Meet the woman who thought her­self well

Af­ter be­ing told she would never walk again, JENNI HAL­LAM ex­plains how pos­i­tive think­ing got her back on her feet

Daily Express - - YOUR HEALTH -

WHEN Jenni Hal­lam was di­ag­nosed with a rare bac­te­rial in­fec­tion in her spine, she was told she would never walk again. Yet although the odds were stacked against her she was de­ter­mined to get back on her feet.

A year later, not only could she walk un­aided but she was train­ing in the gym sev­eral times a week thanks to the power of pos­i­tive think­ing.

“I be­lieve that if you re­ally want to do some­thing and be­lieve that you can, then al­most any­thing is pos­si­ble,” says Jenni, 62, a per­sonal de­vel­op­ment coach from Beck­en­ham, in Kent.

“It’s the same think­ing that drives ath­letes and Par­a­lympians and I used it to think my­self bet­ter.”

Jenni’s ill-health be­gan when she de­vel­oped vi­ral menin­gi­tis in her mid-40s. “The day I fell ill was an or­di­nary Satur­day. I went to an ex­er­cise class in the morn­ing and then met my fam­ily for lunch.

“We were sit­ting around a restau­rant table or­der­ing food and sud­denly I couldn’t see prop­erly. I couldn’t read the words on the menu. There was an in­cred­i­ble pain in my neck and at first I thought I’d hurt my neck in the ex­er­cise class that morn­ing.”

How­ever, it soon be­came clear some­thing was se­ri­ously wrong.

‘The pain was so bad I couldn’t hold my head up’

“I was try­ing to act nor­mally and play with my son, who was four at the time.

“Yet the pain was so bad that I couldn’t hold my head up and I had to put it on the table.”

Jenni went to hospi­tal where she was di­ag­nosed with sus­pected vi­ral menin­gi­tis. To con­firm the di­ag­no­sis, doc­tors did a lum­bar punc­ture.

The pro­ce­dure in­volves in­sert­ing a hol­low nee­dle be­tween the bones of the spine so the fluid can be tested for in­fec­tion.

The di­ag­no­sis was con­firmed and Jenni was given an­tivi­ral drugs. Over the next few weeks she re­cov­ered and was dis­charged from hospi­tal.

Yet over the fol­low­ing six months she be­gan to have an un­ex­plained pain in her lower back.

“Ini­tially I was told it was sci­at­ica but within six months I was com­pletely crip­pled.

“I couldn’t move or get out of bed be­cause the pain was so se­vere.

“I couldn’t work and at my worst I couldn’t even lift my head,” says Jenni. Af­ter six months of pain, she was sent to hospi­tal but was im­mo­bile and had to be lifted out of her house by the fire bri­gade.

“The paramedics couldn’t get the stretcher over the ban­is­ters in my house so they had to call the fire bri­gade to lift me out,” she ex­plains.

When she ar­rived at hospi­tal, doc­tors dis­cov­ered she had a bac­te­rial in­fec­tion in her spine, a rare com­pli­ca­tion of un­der­go­ing a lum­bar punc­ture.

Be­cause the in­fec­tion had gone unchecked for so long, it was slowly trav­el­ling up her spine and caus­ing ir­repara­ble dam­age.

“It was agony,” says Jenni, who was given in­tra­venous drugs to fight the in­fec­tion and ex­tremely strong pain killers. Yet, although the in­fec­tion was suc­cess­fully treated by the an­tibi­otics, one of the discs in Jenni’s back was left per­ma­nently dam­aged.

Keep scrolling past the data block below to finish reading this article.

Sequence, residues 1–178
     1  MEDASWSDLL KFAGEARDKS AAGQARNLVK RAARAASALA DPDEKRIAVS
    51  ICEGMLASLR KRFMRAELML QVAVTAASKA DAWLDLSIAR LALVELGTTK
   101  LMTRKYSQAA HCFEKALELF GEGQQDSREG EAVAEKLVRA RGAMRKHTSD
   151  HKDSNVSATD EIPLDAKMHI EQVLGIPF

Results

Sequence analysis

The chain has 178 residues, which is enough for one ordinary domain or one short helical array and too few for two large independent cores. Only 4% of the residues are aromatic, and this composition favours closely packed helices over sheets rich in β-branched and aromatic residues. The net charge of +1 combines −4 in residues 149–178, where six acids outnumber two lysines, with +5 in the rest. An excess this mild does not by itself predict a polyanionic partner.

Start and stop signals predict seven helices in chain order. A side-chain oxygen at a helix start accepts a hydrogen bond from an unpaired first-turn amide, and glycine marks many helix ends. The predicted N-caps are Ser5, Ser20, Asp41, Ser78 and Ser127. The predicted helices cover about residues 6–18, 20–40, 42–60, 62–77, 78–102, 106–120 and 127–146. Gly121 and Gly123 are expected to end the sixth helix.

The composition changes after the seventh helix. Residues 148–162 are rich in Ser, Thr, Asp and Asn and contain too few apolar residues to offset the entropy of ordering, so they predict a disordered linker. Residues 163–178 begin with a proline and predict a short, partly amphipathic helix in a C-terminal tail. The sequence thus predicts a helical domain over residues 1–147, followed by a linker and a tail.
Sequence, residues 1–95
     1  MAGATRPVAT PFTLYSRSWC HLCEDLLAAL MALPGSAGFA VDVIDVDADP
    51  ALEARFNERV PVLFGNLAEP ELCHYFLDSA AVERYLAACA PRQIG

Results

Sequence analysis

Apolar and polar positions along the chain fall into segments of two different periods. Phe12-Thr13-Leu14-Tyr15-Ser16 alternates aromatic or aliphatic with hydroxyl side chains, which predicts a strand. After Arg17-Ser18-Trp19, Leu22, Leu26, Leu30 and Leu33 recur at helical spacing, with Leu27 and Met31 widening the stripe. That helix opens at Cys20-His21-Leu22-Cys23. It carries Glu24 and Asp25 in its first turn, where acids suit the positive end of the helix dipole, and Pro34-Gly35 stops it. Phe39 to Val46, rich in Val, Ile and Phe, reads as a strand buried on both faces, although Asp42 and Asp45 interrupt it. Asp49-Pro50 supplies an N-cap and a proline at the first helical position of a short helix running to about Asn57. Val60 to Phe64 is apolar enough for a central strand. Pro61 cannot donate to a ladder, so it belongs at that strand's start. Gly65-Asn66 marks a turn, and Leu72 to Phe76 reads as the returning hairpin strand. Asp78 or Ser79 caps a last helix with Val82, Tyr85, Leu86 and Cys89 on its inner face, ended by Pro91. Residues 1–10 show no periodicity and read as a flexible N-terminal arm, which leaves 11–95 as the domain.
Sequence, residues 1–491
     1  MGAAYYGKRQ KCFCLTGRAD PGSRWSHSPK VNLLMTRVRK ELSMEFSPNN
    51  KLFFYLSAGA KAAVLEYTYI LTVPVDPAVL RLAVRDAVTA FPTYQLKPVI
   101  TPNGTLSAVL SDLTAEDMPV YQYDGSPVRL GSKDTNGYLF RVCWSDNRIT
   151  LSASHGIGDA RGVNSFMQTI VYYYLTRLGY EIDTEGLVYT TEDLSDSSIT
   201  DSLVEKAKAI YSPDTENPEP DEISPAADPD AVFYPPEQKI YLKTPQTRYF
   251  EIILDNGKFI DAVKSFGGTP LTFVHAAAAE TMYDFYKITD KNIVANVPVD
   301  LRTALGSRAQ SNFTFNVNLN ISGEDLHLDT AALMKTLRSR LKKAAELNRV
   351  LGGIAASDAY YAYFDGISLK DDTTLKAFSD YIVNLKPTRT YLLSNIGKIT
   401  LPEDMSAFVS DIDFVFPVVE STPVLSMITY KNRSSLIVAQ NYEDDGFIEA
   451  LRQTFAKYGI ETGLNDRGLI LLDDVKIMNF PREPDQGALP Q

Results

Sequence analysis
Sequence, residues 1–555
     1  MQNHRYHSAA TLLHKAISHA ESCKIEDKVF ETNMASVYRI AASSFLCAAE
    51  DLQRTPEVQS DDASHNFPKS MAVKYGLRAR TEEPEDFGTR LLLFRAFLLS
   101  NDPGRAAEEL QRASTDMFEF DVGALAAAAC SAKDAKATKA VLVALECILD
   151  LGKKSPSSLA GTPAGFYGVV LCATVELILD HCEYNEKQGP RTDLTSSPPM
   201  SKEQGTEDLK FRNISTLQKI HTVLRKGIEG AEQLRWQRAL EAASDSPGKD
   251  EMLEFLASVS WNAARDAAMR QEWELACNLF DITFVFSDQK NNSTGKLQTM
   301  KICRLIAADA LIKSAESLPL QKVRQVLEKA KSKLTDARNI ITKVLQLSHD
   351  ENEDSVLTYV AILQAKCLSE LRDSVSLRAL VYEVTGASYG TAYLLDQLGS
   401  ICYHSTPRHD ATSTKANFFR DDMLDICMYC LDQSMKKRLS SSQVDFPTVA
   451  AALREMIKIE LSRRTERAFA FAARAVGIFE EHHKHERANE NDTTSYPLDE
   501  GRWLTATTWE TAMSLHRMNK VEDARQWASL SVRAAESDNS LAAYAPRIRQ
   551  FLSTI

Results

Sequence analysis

Doc­tors rec­om­mended surgery us­ing metal plates to fuse her spine back to­gether.

How­ever, they warned that it was un­likely she’d ever walk again. Jenni was dev­as­tated.

“I’ve al­ways been very into fit­ness and I couldn’t imag­ine my life with­out be­ing able to dance and run and jump,” she says.

“Although the odds were against me, I was cer­tain I was go­ing to get bet­ter and get back in the gym.”

So against doc­tors’ ad­vice, Jenni re­fused to have the surgery, in­stead turn­ing to self-help books, seek­ing al­ter­na­tive ways to get bet­ter.

In one of the books she chanced upon some­thing that would change her life.

“I read ev­ery self-help book I could find and started to im­merse my­self in neuro-lin­guis­tic pro­gram­ming (NLP).”

NLP is a school of psy­chol­ogy which as­serts that peo­ple’s be­liefs about them­selves and the world are set in their minds at the same age they learn lan­guage.

These be­liefs ex­ist in the sub­con­scious part of the brain and af­fect the way peo­ple act ev­ery day.

Yet by us­ing spe­cial tech­niques, these core be­liefs can be changed, al­low­ing peo­ple to do things they never thought were pos­si­ble.

“It’s like dis­con­nect­ing a piece of learn­ing and re­plac­ing it with some­thing else,” says Jenni.

“So if I had be­lieved I was never go­ing to walk again, I’m sure I neve would have got there be­cause I would have be­haved dif­fer­ently.”

Jenni used vi­su­al­i­sa­tion tech­niqu to imag­ine what she wanted her life to be like when she re­cov­ered an used that vi­sion as mo­ti­va­tion to get bet­ter.

She fo­cused on the vi­sion ev­ery day and over the next few weeks be­gan to make a mirac­u­lous re­cov­ery.

Although doc­tors said Jenni would never walk again, she was de­ter­mined to take a few steps us­ing crutches.

“It was in­cred­i­bly painful but I w de­ter­mined to do it,” she says.

“I was in a ward with lots of older peo­ple and they all cheered when I got up and took a few steps.”

Over the next three months, Jenn stayed in hospi­tal and un­der­went a course of gru­elling phys­io­ther­apy to teach her to walk again.

“I de­fied med­i­cal opin­ion. My spin fused back to­gether and I learnt to walk again with crutches much more quickly than I was ex­pected to,” says Jenni.

Af­ter three months in hospi­tal,

Newspapers in English

Newspapers from UK

© PressReader. All rights reserved.